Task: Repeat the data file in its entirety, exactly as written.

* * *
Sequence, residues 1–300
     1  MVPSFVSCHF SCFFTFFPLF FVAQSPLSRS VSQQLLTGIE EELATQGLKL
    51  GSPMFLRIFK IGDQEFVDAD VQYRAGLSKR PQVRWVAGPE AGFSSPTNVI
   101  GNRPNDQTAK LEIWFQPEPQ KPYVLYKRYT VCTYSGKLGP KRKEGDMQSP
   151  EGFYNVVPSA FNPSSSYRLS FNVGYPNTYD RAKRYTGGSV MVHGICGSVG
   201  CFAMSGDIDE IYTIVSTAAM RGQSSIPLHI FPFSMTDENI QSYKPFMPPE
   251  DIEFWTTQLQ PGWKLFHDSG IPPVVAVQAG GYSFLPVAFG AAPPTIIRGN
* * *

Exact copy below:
Sequence, residues 1–300
     1  MVPSFVSCHF SCFFTFFPLF FVAQSPLSRS VSQQLLTGIE EELATQGLKL
    51  GSPMFLRIFK IGDQEFVDAD VQYRAGLSKR PQVRWVAGPE AGFSSPTNVI
   101  GNRPNDQTAK LEIWFQPEPQ KPYVLYKRYT VCTYSGKLGP KRKEGDMQSP
   151  EGFYNVVPSA FNPSSSYRLS FNVGYPNTYD RAKRYTGGSV MVHGICGSVG
   201  CFAMSGDIDE IYTIVSTAAM RGQSSIPLHI FPFSMTDENI QSYKPFMPPE
   251  DIEFWTTQLQ PGWKLFHDSG IPPVVAVQAG GYSFLPVAFG AAPPTIIRGN